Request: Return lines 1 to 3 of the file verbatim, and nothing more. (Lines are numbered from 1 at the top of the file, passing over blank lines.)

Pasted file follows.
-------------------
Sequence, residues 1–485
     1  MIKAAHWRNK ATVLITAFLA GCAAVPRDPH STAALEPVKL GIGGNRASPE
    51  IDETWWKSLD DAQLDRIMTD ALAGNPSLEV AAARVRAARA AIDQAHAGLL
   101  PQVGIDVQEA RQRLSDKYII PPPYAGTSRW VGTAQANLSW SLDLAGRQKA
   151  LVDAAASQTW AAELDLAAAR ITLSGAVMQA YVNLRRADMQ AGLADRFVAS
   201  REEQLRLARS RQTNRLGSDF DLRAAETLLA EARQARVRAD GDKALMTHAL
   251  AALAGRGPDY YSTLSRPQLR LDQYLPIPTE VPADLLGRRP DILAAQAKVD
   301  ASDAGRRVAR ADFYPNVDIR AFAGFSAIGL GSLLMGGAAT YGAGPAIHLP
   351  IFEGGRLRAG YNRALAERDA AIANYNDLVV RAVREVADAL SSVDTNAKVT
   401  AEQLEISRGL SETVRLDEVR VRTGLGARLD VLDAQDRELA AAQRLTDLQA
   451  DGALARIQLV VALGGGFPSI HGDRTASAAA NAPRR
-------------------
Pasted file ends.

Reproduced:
Sequence, residues 1–485
     1  MIKAAHWRNK ATVLITAFLA GCAAVPRDPH STAALEPVKL GIGGNRASPE
    51  IDETWWKSLD DAQLDRIMTD ALAGNPSLEV AAARVRAARA AIDQAHAGLL